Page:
In my capacity as Coordinator of College Reading at Rider University in New Jersey, I have the opportunity to teach many students who are, like I was 50 years ago, the first in their family to attend college. Because of this, their SAT scores and a number of other factors, these students are viewed, correctly, by the college administration as "at-risk" of not completing their college education. As all institutions of higher learning should be, Rider is concerned about retaining these students. And so last week I found myself seated in the tutoring center on campus with a consultant the university had hired to help them address the retention issue.
The consultant asked me a straightforward question."What is the one thing you would say these at-risk students need more than any other to be academically successful here?"
The one word answer came out of me quickly and without reflection like I was playing a game of free association. "Curiosity," I said.
I am not sure why I said this. I just blurted it out from the recesses of my brain. I had just come from a class with my students and I was aware of the effort I seemed to be putting in to spark student interest in the vocabulary lesson I was presenting. I remember trying to engage the students and pulling out all my veteran teacher moves (humor, turn and talk, relevant examples, interesting anecdotes, write and reflect, small group discussions) to limited effect. Was this experience where my knee jerk answer came from?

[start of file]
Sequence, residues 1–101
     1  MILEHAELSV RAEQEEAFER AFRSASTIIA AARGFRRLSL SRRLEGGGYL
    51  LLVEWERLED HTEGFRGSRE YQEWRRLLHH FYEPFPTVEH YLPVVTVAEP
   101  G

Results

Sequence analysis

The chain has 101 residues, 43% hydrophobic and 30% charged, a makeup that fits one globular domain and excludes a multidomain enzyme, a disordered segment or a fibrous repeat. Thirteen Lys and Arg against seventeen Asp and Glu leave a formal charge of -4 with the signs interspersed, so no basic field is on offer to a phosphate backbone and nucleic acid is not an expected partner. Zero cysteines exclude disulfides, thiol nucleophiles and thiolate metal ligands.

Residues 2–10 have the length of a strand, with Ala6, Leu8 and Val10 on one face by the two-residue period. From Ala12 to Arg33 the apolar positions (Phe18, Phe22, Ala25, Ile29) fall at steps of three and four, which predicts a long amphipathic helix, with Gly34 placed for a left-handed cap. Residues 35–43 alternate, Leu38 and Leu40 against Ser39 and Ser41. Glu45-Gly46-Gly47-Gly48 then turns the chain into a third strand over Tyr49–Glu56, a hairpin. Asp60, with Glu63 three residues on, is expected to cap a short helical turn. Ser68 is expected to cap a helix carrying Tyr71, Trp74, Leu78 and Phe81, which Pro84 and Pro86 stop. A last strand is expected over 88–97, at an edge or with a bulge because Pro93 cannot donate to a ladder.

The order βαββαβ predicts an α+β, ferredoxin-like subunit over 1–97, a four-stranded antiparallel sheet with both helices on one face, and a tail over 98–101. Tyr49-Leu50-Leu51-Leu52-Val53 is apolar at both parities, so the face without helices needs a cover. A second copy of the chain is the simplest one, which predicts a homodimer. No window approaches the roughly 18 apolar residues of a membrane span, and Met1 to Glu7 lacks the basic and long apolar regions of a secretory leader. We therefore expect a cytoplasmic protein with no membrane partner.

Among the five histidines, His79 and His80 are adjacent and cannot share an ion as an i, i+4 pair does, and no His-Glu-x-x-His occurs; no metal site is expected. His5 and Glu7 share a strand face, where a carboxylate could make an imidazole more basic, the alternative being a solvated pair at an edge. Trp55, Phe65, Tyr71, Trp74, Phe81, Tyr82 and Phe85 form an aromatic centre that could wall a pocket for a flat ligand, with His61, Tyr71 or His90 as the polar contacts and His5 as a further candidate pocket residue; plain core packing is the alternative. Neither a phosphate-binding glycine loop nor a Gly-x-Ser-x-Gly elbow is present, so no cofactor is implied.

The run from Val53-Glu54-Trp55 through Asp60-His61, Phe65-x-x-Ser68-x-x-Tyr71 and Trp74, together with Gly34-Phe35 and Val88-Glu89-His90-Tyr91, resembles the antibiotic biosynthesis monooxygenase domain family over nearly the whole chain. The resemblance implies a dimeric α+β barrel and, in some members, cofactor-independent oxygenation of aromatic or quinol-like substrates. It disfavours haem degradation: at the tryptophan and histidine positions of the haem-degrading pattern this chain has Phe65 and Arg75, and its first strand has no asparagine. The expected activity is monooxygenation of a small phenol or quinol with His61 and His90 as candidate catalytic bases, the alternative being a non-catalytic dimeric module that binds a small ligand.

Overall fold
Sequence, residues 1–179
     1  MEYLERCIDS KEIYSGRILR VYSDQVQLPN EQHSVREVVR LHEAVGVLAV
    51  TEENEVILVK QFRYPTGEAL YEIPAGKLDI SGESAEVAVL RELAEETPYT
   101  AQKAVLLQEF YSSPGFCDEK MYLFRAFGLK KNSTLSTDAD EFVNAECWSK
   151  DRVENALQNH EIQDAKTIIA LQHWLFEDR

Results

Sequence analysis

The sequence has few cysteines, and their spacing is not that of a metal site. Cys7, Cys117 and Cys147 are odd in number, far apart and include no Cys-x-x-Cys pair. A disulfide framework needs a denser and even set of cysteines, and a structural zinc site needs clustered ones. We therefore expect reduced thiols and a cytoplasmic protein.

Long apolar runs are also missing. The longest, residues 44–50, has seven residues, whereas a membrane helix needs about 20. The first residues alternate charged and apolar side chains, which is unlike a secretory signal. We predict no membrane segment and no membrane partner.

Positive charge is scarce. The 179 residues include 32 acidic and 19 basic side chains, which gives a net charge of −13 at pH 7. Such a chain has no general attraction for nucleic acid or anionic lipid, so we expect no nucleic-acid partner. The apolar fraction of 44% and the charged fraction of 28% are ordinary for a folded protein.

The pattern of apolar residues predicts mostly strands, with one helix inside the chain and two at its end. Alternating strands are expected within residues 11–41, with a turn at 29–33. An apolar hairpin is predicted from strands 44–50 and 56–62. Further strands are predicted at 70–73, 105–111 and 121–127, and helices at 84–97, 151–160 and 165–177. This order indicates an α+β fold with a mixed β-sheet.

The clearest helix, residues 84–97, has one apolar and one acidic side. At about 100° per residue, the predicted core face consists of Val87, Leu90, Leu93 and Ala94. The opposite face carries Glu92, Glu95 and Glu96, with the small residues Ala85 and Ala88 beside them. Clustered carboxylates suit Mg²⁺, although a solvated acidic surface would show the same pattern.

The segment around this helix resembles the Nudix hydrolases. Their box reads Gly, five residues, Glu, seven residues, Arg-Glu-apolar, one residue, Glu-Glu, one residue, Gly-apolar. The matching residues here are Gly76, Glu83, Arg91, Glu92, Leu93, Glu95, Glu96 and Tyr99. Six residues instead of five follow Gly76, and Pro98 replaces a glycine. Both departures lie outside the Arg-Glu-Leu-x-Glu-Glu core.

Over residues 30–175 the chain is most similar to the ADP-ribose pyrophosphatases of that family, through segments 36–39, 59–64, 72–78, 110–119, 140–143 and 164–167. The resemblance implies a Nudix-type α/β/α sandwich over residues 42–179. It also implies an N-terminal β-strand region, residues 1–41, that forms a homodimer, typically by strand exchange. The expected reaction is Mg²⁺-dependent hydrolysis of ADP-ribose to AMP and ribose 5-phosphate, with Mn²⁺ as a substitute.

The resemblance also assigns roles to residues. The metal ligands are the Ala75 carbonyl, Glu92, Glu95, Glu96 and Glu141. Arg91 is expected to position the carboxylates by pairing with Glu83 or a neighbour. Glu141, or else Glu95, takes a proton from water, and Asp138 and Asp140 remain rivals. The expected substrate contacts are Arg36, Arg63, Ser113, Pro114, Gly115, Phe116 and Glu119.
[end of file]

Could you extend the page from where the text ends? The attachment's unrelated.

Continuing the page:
Ever since I gave that answer, I have been reflecting on and reading about curiosity. Where does curiosity come from? What actions foster curiosity? What actions kill curiosity? Why is curiosity important?
I was a curious kid. After toddler years of driving my parents crazy with questions, I marched off to school where I had free rein to drive my teachers crazy as well. Mine was not always a welcome figure in the classroom. My questions bubbled out of me before I could remember to raise my hand. Other students looked at me askance as I bullied my way into one group discussion after another. In high school I was on a first name basis with the entire office staff because I was frequently "excused" from class because of ill-timed outbursts.
I didn't grow out of it either. In my sixties and working as a school district administrator, a good friend and fellow administrator pointed out to me that I tended to dominate conversations in meetings by asking lots of questions and then bursting forth with some insight, relevant or not. He said to me one of the truest things I had ever heard about myself, "These conversations are the way you learn." And there it is. My curiosity and my audacity combined to help make me a successful learner. But how was this fostered in me and how can I foster this in my students?
In pursuit of an answer to my question, I found a terrific article by Erik Shonstrom in Education Week. Shonstrom defines curiosity as "seeking and exploring." Shonstrom says, curiosity does not sit very well in the traditional classroom because it is intense, transient, and propulsive. Curiosity is messy. Shonstrom cites Carnegie Mellon professor of economics and psychology, George Lowenstein, who says,